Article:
IV.

The abbey of Furnes, of which Edward, earl of Derby, was steward, was dissolved on its surrender to the Commissioners of Henry- VIII. by deed signed by the abbot and monks on April 9, 1537, and its large property went to the Crown. The property included "the personages of Seynt Mahold and Seynt Mighell" in this island which "bin letten to fferme" at the yearly rent of £6 13s. 4d., and are found still let in the year 1610, having been granted in fee-farm at the same rent in 1603 by king James I. (Manx Soc. IX. 36, 86).-The abbey of Rushen, Priory of Douglas, and Friary of Bemaken were dissolved between April 15 and September 29, 1540, Edward, earl of Derby, acting in the matter as the minister of Henry VIII., and employing Robert Calcott as his deputy. The abbot and his six brethren and the prioress and her three sisters vacated their respective houses on St. John Baptist's day ; and the net proceeds of the dissolution, amounting to £157 2s. 7d., together with two parcels of "jocalia," mainly silver articles, valued at £28 14s., were handed over to the earl for him to account for to the Crown. As an Indenture dated March 18, 1543, shows, the largest part by far of the property in lands and tithes was leased for a term of 21 years to Robert Hungate, gentleman, and is found still let in the year 1610, having been leased for a term of 40 years by James I. in 1606 (Manx Soc. IX. 87, and Ministers' Accounts in Public Record Office under years 1540-43).-The English king having made a new grant of the island, with special limitations to William, earl of Derby, in 1609, he also made over to him in 1610, subject to certain annual payments, the property here that had belonged to Furnes abbey and the three insular monastic houses, the total including that of eight churches (Manx Soc. XII. 58-60), all which are found to be on lease, each for its own term of years, in the year 1666.

Dissolution of the religious houses was not in Scotland as it was in England and in this island a part of Reformation-work. Excepting a few that were the objects of popular violence they ceased as such to exist there by gentler processes, mainly those of alienations and spoliations, and their extinction as a whole extended over many years. Five years after the monastic houses of this island were dissolved the priory of Whithern was still holding on its way, though as appears from a document to be presently quoted, with resources crippled in various ways. While the office of prior was vacant and a Commendator was acting, probably awaiting the appointment of a prior by the Pope in Consistory, a tax was levied by the Privy Council which he thought fell unduly heavily on his priory, and of which he complained with a view to relief, and got it to the extent of a third. At a meeting of the Privy Council held on February 9, 1545, presided over by the Queen and Governor the complaint was considered and dealt with, the "Ilaman" receiving due mention. The record in the "Register of the Privy Council," I. 22, begins thus:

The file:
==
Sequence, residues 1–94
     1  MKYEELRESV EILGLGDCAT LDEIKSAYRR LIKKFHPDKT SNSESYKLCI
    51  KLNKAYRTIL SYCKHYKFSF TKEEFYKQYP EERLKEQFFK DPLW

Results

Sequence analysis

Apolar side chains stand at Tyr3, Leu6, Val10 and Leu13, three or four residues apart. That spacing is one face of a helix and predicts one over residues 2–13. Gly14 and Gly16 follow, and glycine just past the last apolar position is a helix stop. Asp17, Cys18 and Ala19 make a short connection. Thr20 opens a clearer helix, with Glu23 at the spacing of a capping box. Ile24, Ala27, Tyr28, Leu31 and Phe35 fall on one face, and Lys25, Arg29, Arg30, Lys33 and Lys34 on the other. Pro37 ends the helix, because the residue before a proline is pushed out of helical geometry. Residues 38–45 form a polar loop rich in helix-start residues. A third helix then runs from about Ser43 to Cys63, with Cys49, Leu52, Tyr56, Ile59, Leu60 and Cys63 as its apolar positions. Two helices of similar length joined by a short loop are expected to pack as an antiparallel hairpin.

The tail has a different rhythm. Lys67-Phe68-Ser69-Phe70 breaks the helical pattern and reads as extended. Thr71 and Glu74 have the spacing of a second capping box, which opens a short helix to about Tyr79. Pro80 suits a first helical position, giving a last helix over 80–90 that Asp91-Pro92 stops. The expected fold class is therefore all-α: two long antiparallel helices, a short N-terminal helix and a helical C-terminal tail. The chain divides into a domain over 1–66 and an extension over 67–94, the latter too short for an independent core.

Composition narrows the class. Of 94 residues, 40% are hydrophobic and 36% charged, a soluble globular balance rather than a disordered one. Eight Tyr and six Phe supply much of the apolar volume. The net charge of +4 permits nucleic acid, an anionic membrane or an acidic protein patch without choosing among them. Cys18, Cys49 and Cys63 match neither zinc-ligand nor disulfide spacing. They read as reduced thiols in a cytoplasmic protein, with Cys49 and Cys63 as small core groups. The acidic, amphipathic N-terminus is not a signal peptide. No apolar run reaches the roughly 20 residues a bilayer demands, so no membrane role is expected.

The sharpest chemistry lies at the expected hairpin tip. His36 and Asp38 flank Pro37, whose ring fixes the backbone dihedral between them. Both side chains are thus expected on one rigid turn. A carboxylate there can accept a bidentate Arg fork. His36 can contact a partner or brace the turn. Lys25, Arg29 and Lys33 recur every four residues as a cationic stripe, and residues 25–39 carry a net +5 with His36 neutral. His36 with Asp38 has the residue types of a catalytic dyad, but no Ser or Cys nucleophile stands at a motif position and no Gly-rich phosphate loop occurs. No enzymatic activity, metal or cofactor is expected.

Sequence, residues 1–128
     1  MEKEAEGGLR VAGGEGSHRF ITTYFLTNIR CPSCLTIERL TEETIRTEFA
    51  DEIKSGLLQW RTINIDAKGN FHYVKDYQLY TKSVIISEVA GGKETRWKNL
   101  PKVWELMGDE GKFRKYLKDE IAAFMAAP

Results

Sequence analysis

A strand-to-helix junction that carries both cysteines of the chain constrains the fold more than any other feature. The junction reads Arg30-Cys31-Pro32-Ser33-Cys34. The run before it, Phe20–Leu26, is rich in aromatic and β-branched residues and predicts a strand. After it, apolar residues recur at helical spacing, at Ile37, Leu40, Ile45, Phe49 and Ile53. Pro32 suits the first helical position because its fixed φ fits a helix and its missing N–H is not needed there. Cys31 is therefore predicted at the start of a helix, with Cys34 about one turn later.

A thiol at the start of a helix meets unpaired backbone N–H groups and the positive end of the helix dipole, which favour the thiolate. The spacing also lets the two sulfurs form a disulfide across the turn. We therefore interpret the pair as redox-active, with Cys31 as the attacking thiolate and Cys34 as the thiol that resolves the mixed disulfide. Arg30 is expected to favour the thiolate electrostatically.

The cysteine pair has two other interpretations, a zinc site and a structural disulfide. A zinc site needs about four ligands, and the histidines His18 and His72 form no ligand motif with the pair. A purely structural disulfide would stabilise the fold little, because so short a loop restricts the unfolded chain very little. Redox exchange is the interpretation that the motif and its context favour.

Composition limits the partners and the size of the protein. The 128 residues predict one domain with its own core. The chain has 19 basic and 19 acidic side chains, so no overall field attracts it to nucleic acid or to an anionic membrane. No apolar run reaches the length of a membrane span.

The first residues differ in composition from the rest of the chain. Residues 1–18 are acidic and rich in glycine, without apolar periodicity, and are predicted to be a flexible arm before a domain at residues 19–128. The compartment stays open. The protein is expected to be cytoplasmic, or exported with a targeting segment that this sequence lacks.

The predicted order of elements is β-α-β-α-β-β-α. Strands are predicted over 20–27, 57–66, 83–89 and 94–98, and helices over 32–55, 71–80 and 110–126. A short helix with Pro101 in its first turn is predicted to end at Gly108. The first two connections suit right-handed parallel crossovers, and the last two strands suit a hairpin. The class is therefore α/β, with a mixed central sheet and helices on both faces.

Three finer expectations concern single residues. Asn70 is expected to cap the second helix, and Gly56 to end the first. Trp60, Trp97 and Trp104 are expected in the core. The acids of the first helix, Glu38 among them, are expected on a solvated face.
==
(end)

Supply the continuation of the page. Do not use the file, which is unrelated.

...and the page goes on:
Anent the supplications gevin in be Malcoline Commendator of Quhithorne, makand mention that in this last taxt laitlie devisit be the bordes of our Consele for sustentatioun of certain men on the Bordouris, be is taxt to pay als grate ane soume as ever the said abbay payt of bifor, howbeit vexit thir thre yeris bigane because of the cummersum and evil wardill be has gotten na offerand as wes wont to be gotten, quhilk wes ane grete part of the said benefice, and siclic wantis the fruitis of twa kirkes in Ilaman, and the fruitis of the landis Kyntire, quair throw he may nocht pay etc.

Was it the case that he who at the time of that complaint was enjoying "the fruitis of the twa kirkes in Ilaman" was Edward, earl of Derby ? that as all other monastic houses had ceased to hold property here, he considered it unseemly that the White House, a house of a foreign kingdom withal, should still do so ? and that as their eight churches had already been impropriated by the English king he thought he could not do amiss in following so noble an example by impropriating the remaining two, and by doing so without delay? Be all this as it may, Dr. Forbes (Historians of Scotland, vol. V., Intro., p. Ix.) says as to the history of the Priory in the Reformation-period: "Till 1587, when the priory was vested in the king, it was a history of continued spoliation"; and there can be no doubt, though the evidence is only indirect, that in 1577 the two churches referred to were in the hands of Henry, earl of Derby, tithes, lands, etc., belonging to them having been in that year let on lease by him.. In Manx Society, IX. 70, is a record of ten years' later date, which relates to the property which had been then leased. It begins